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31 Books You Won't Be Able To Stop Thinking About

~I just can't get you out of my head~

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We recently asked subscribers of the BuzzFeed Books newsletter to tell us about a book they couldn't get out of their head. Needless to say, these novels will stick with you long after you've finished reading.

1. The Handmaid's Tale by Margaret Atwood

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I love a good politically-relevant, dystopian science fiction novel — and had read 1984, Brave New World, and the like. But, as a woman, reading The Handmaid's Tale impacted me deeply. Not only is the writing dramatically beautiful and wry, it cut to the core of the experience of what it means to be powerless over your own body. It left me feeling haunted in a way no book ever has.

—Jessica Rouzan, San Francisco

2. A Little Life by Hanya Yanagihara

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Four young men meet at a small college in New England. One of them was traumatized as a child, but despite that — or rather because of it — they become bound to one another as their lives continue in New York City. This is a powerful story of love: what it can and cannot do. Jude, JB, Willem, and Malcolm will remain with me forever.

—Lillian D.

A Little Life is filled with such memorable characters; I still think about them months later. The writing is superb. I found it difficult to start a new book once I'd finished.

—Morgan L.

3. I Know This Much Is True by Wally Lamb

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I Know This Much Is True is the story of identical twins Dominick and Thomas, who is schizophrenic, and the struggles they face throughout their lives. A rollercoaster of a story about coping with loss, love, failure, and sorrow.

—McKenzi Gaines

4. Geek Love by Katherine Dunn

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Geek Love is about a traveling carnival side show family who, when faced with the carnival's declining popularity, come up with a plan to create their own freaks by exposing their unborn children to chemicals and radiation, thereby producing bizarre mutants to keep the business going. I still think about this book regularly in light of my own motherhood and the lengths desperate people will go to to survive. Surprisingly, the book is told in an entertaining, non-judgmental way, but the effect is long-lasting.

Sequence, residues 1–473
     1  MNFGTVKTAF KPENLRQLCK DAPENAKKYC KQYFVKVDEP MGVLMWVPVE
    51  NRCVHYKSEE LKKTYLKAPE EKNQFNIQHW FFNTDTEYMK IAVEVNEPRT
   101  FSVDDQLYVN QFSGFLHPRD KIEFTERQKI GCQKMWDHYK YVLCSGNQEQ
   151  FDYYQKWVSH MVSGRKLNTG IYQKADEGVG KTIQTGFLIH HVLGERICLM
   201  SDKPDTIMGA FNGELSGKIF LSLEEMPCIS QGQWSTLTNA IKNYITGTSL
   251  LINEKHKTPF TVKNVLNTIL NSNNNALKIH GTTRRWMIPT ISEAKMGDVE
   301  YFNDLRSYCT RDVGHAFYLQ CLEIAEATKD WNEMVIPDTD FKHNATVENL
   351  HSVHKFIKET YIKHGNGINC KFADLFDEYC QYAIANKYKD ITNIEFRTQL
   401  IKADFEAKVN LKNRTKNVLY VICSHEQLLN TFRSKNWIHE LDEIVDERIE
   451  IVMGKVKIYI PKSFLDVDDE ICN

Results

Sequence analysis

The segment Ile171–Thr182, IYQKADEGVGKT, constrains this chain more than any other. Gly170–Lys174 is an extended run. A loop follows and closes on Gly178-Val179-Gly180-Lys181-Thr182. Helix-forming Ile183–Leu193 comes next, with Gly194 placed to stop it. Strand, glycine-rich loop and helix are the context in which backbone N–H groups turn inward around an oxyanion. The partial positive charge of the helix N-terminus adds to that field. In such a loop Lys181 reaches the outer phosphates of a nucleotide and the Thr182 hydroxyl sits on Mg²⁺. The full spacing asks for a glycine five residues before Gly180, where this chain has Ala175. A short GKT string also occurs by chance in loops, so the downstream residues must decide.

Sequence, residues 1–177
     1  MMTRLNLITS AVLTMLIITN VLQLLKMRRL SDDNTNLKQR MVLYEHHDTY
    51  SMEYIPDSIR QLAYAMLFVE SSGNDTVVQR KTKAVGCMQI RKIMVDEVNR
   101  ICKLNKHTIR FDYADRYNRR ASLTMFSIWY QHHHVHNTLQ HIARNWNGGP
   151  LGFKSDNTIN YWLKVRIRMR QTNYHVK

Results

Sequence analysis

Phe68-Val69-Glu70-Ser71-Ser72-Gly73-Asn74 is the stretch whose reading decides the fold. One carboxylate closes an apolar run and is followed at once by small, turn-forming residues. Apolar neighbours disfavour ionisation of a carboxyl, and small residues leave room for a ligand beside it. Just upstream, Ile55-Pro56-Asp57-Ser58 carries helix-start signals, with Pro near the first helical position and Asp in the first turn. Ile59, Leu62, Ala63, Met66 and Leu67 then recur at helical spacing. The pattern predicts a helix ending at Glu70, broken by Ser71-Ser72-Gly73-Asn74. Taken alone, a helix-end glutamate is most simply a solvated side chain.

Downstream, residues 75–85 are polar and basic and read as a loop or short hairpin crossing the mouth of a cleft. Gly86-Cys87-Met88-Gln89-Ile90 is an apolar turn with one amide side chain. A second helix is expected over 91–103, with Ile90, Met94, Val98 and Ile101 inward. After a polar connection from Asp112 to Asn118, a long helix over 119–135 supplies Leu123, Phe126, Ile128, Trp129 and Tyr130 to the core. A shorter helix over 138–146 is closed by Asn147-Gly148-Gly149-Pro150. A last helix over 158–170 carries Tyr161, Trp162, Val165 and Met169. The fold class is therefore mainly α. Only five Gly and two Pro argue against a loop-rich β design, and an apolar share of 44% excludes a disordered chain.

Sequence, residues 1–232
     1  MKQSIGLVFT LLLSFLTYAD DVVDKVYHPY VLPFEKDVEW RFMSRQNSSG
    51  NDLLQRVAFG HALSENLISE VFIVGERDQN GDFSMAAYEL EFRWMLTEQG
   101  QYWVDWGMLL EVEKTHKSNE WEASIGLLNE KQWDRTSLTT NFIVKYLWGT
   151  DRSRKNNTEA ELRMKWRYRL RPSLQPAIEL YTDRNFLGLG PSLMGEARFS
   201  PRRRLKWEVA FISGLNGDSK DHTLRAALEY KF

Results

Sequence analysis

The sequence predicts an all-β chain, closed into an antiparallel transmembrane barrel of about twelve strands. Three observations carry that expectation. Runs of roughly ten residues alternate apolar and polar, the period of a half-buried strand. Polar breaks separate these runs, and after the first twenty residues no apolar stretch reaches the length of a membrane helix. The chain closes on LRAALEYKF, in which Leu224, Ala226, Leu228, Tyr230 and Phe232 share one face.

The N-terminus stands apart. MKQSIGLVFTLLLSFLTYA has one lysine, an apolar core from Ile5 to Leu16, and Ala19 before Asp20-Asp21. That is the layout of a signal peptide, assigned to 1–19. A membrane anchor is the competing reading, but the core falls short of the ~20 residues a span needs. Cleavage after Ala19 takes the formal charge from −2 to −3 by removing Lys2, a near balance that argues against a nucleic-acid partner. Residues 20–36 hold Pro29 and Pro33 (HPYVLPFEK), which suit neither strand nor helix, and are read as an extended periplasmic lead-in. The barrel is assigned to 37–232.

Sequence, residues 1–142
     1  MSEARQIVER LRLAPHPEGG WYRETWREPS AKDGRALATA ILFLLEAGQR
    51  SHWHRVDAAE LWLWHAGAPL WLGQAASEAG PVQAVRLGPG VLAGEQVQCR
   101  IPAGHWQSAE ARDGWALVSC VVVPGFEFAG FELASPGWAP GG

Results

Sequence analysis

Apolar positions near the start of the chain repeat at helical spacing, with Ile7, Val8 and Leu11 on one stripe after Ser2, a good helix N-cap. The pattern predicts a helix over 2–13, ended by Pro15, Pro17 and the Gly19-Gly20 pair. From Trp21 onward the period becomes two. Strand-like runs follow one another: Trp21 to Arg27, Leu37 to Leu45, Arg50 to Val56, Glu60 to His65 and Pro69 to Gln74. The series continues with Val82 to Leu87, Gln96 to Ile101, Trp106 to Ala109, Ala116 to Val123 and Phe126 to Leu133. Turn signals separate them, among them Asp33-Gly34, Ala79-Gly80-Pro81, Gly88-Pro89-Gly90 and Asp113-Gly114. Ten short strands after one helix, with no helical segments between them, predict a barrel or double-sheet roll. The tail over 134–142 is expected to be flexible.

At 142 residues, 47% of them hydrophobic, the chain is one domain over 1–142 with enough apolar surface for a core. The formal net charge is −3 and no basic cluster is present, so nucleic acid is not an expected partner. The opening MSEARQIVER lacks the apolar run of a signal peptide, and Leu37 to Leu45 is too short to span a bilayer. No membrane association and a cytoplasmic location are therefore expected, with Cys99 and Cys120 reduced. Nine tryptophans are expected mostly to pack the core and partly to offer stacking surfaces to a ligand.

—Tisa Houck, DeLand, FL

5. The Lottery and Other Stories by Shirley Jackson

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Really a short story, "The Lottery" changed my life. I read it in the 11th grade and I still remember feeling the earth tilt on its axis when I reached the huge twist in the plot. I'm now a thirtysomething who re-reads this story every year and it reminds me of everything I want to be as a writer.

—Kat M.

6. The History of Love by Nicole Krauss

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The History of Love follows the intersecting plots of a fifteen-year-old girl, an eighty-year-old man, and the author of a book that mysteriously draws them all together. This novel is beautifully written and insightful about all sorts of love. I also read it at the recommendation of one of my favorite people in the world, and it really brought us closer!

—Emily C.

7. The Night Circus by Erin Morgenstern

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It has been two and a half months and I'm still hung up on The Night Circus. It's completely unexpected and totally original in a very astounding way. The concept and execution come together so fantastically — and the end will leave you bawling on the floor.

—Mackenzie Kormann

8. Skippy Dies by Paul Murray

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It's about a group of boys at an Irish boarding school — and that's all I'll say because I don't want to give anything away (the title says enough). Murray's writing really makes you feel for each of the characters. And the twists and turns and consequences will stick with you for a very long time.

—Agatha GP

9. Station Eleven by Emily St. John Mandel

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Usually dystopian novels leave me feeling scared for the future. But after I read this book, I felt a deep sense of appreciation for humanity, for art, and for hope.

—Sandra Manley-Eichler

10. Super Sad True Love Story by Gary Shteyngart

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This is the story of a man living in a dystopian future where the women wear "onion skin" jeans that show everything and people walk around with devices that display everything from their credit scores to their health vitals for anyone nearby to scan and access. The main character, Lenny, is an outlier in this society because he clings to things like printed books and real love. The futuristic plot elements come to mind at least once a month because of their eerie parallels to real life.

—Amy Steves

11. Dark Matter by Blake Crouch